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Culture: Saved by Jordi Évole

Posted on 07 December 2011

Provocative, ironic and endowed with an idiosyncratic sense of humour which he has managed to blend with rigorous journalism on his television programme Salvados (Saved). Jordi Évole, or El Follonero (The Troublemaker), as he’s known, was recently named Best Presenter at the 2011 Ondas Awards and received a Dewar’s White Label Character Award for his exemplary and singular character in the audiovisual world.

How do you feel about these two awards? 

I feel great, because, in my opinion, the Ondas Award acknowledges the show, the entire team, and if I’m able to do what I do it’s because of the fantastic team behind me. And the Character Award seems like something positive, as people with strong character are a little more forthright, more honest, and while honesty may be uncomfortable at times, it can also lead to great things.

How has Salvados evolved from its first edition in 2008 (Ondas Award for most innovative show) to today?

When we started, we focused more on humour, on creating funny or entertaining and sometimes deliberate situations. But we’ve aged and matured, and the show has drawn us more towards journalism, more towards content, without losing track of the irony and humour, which is one of the show’s trademarks. I feel the combination of everything I’ve just mentioned makes Salvados something unique, something special.

What has been your most enjoyable interview? 

Some interviews may contain a lot of information and even a sense of exclusiveness, like the one we did with Jesús Eguiguren, who mentioned things about the process with ETA that have subsequently come true. Then there are characters who steal your heart, and in the top spot is singer-songwriter José Antonio Labordeta, who we spent a day with while making the report. Amazing!

When Rubalcaba agreed to participate in Salvados, he seemed slightly afraid to square off with you. Who does El Follonero fear?

Basically everyone I interview. When I start interviewing someone, I have no idea how it’s going to turn out, if the answers are going to be good… I’m obsessed with good answers, and I don’t stop asking until I get them. There’s always that fear of not getting them.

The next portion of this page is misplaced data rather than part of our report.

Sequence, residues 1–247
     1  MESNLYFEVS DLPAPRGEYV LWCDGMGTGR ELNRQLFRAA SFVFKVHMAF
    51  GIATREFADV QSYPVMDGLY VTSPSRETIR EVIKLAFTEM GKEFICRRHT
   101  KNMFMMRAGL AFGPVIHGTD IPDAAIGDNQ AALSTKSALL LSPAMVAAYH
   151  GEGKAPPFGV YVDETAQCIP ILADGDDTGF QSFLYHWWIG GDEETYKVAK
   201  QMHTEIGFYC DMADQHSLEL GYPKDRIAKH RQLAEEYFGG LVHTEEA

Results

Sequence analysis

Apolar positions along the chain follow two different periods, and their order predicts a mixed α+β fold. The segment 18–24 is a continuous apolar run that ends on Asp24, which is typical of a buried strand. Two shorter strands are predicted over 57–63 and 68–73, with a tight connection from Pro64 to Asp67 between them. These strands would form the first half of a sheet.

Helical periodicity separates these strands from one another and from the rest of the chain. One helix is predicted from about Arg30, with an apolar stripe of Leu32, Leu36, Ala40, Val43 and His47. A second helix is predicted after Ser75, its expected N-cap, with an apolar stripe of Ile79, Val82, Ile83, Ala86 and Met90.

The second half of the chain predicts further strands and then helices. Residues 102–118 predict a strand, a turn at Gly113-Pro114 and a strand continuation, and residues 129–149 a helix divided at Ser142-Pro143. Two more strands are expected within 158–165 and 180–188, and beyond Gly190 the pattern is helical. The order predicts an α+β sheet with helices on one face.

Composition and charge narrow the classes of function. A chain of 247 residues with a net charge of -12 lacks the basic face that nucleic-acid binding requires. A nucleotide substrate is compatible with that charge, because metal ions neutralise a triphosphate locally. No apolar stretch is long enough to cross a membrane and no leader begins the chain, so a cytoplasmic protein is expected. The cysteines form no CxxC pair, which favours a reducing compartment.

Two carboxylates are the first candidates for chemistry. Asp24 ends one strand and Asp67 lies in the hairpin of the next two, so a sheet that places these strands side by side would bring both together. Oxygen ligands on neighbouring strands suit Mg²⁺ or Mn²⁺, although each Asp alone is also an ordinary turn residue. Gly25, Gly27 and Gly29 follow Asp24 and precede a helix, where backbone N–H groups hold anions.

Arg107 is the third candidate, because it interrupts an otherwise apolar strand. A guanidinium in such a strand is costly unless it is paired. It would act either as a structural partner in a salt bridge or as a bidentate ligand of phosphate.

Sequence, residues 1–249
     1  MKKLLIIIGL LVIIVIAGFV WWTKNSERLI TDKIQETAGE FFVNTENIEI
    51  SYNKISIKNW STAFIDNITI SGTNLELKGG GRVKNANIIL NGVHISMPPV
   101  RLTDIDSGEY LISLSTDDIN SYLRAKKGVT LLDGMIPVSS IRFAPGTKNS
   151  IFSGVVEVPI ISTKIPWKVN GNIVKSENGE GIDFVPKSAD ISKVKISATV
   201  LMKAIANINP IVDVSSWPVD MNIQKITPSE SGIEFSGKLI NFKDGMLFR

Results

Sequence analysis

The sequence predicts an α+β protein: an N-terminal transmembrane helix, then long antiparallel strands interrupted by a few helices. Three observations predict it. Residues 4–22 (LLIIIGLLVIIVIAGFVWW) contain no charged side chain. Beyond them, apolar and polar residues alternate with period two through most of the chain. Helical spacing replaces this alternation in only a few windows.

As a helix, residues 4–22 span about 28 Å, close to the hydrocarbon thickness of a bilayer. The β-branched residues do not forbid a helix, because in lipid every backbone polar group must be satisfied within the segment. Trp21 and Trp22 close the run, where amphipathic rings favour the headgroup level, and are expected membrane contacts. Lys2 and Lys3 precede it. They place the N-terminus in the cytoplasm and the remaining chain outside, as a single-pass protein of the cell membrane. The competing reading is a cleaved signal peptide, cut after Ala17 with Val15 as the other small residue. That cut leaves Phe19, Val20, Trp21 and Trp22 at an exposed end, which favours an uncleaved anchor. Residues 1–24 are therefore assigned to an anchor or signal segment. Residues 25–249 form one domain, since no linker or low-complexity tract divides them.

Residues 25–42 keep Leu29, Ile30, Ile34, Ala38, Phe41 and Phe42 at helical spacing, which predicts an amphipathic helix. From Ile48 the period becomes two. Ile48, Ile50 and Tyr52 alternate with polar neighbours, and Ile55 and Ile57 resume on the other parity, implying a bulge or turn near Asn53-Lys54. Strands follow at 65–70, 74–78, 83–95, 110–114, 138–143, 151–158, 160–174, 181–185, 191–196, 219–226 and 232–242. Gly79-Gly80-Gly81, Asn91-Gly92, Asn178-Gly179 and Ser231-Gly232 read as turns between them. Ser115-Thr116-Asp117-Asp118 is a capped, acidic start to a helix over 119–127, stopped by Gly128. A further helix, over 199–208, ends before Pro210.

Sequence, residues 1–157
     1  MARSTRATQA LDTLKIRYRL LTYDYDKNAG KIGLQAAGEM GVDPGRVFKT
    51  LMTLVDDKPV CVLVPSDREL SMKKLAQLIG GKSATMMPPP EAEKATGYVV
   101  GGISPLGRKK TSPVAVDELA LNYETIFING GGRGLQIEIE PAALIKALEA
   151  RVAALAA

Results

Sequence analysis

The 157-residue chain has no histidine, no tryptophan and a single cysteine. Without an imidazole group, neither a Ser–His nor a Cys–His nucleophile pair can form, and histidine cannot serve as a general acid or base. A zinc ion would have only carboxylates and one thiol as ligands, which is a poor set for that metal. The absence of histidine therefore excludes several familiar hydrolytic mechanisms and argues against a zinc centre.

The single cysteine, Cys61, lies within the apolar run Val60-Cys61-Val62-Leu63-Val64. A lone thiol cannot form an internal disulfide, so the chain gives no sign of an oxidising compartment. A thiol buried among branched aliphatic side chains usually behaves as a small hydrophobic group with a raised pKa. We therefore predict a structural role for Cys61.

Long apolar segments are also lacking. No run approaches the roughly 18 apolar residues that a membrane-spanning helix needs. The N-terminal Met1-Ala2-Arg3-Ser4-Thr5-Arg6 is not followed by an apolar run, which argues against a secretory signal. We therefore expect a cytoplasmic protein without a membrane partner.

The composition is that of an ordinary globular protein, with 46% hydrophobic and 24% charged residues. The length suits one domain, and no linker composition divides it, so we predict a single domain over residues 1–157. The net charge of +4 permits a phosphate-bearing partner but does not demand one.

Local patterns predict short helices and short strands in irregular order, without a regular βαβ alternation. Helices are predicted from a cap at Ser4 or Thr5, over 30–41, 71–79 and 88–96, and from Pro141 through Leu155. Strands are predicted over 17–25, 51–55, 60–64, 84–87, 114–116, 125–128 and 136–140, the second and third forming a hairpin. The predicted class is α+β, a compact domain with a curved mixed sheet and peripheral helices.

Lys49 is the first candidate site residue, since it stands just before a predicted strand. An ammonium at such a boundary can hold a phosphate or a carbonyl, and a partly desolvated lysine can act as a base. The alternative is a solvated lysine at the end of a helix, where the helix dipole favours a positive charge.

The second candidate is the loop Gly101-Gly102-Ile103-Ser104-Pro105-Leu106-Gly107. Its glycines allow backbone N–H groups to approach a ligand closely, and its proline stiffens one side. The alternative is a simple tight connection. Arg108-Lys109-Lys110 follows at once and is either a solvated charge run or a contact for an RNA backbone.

Who would you like to interview?

On a national level, José María Aznar and Felipe González, because they’ve been two extremely powerful Spanish presidents. Internationally, Hugo Chávez and Fidel Castro. What do you think? Setting my sights too low… (he laughs)

What opinion do you feel the future president of Spain, Mariano Rajoy, deserves?  

He looks worried, gearing himself up, because I think he’s in for a difficult term, and it’d be great, for everyone’s sake, if he could come through… I wouldn’t want the same thing that’s happened in Italy or Greece to happen to us, where, after the country votes, a couple of guys show up and decide a technocrat should govern. I hope Rajoy figures out how to avoid this. I like Rajoy, but I’ve always voted for the left.

BARCELONA deluxe is a luxury city guide. If you had to recommend somewhere in the city, where would you send us? 

 I don’t really go out much, but there’s a place in Villa Olimpica I like called L’Escamarlà, where they make great paella and the beer flows… that’s my recommendation.

More information and pictures on our iPAD edition which is coming soom…

Text: Jazmín Castresana

Photos:Noelia Domenech

Translation: Andrew Rance

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